Co-produced by Robert Redford and screened at the Sundance festival, The Mustang, in U.S. theaters on Friday, is the first film by young French filmmaker Laure de Clermont-Tonnerre. It tells the story of a convict in an isolated Nevada prison tasked with taming a wild horse.
Laure de Clermont-Tonnerre’s favorite movie is Wim Wenders’ Paris, Texas, which she sees as a bridge between the gaze of a European filmmaker and the mythology of the wide-open spaces of the United States. Inspired by this prestigious picture, the young French director crossed the Atlantic to make her first feature film, setting the action in a remote prison in the desert plains of Nevada.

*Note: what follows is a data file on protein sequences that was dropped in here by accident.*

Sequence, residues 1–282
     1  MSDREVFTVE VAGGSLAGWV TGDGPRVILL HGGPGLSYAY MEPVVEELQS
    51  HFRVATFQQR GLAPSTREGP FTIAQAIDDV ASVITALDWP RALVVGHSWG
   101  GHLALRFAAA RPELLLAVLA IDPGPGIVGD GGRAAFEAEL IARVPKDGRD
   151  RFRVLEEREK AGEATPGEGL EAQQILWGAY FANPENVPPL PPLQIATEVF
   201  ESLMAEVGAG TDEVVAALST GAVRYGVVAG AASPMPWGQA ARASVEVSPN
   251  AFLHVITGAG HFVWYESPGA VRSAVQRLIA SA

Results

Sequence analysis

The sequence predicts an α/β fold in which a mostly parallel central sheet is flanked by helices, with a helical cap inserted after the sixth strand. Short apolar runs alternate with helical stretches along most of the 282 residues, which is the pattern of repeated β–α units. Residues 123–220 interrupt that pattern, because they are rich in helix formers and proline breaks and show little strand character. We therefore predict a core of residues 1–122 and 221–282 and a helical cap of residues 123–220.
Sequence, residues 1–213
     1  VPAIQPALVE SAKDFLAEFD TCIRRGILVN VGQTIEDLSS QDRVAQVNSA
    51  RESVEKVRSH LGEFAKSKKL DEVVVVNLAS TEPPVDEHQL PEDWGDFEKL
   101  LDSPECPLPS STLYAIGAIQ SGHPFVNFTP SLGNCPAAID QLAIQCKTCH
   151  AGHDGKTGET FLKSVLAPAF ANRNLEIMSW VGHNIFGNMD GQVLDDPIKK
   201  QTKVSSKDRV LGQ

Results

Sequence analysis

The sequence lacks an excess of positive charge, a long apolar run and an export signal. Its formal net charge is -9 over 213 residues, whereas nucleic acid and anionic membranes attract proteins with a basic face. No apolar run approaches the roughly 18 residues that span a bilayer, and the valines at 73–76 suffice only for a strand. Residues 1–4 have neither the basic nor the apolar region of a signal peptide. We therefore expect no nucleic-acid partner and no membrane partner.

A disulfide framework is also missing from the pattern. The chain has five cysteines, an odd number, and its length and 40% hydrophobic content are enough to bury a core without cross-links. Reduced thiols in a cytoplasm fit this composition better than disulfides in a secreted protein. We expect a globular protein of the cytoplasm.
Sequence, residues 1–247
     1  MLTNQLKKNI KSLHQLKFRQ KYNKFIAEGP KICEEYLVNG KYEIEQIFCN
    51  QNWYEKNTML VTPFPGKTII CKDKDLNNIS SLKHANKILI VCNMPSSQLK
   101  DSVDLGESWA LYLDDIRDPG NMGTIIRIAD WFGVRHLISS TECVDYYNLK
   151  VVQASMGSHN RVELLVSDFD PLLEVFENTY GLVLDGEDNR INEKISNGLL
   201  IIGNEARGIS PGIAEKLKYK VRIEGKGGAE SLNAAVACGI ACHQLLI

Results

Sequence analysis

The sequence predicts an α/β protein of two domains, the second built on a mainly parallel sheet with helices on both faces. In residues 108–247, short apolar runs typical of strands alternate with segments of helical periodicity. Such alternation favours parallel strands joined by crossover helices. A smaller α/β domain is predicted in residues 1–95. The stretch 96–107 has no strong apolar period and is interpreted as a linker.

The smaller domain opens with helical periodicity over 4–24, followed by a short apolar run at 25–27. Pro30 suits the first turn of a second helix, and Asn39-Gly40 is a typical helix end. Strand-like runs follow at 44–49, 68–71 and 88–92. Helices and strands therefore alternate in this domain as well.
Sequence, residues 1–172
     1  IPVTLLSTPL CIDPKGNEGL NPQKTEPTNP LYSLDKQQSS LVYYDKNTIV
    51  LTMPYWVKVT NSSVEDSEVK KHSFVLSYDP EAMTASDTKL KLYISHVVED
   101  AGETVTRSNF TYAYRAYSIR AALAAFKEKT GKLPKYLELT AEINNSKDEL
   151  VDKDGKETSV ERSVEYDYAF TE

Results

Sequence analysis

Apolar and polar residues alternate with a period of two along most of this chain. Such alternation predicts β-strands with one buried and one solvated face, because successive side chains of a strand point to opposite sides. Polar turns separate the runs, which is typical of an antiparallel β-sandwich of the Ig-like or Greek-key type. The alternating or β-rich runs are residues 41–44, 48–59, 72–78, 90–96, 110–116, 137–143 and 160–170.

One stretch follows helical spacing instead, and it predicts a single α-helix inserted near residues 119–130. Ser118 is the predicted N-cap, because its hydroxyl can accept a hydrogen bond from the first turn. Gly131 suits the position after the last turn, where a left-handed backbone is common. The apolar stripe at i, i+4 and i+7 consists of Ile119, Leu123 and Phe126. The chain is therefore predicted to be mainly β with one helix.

The Mustang tells the story of Roman Coleman, a withdrawn and violent convict required to participate in a social rehabilitation program involving wild horses. As he forms a bond with a particularly difficult horse, powerful emotions bubble to the surface. Clermont-Tonnerre’s debut feature-length film stars Belgian actor Matthias Schoenaerts (Bullhead, Rust and Bone, The Danish Girl), who excels in the role of Roman. The film is inspired by a real-life program led for several years at a Wyoming prison where wild horses are used for inmate rehabilitation.
The French filmmaker was able to complete her project by winning the annual Sundance/NHK Award that honors emerging filmmakers and helps them realize their next project. Clermont-Tonnerre was guided and assisted by two established directors, Mona Fastvold (The Sleepwalker) and Brock Norman Brock (Bronson). Having started out as an actor, appearing in Luc Besson’s The Extraordinary Adventures of Adèle Blanc-Sec, Clermont-Tonnerre stepped behind the camera in 2013 to make her first short film, Atlantic Avenue, shot in Brooklyn.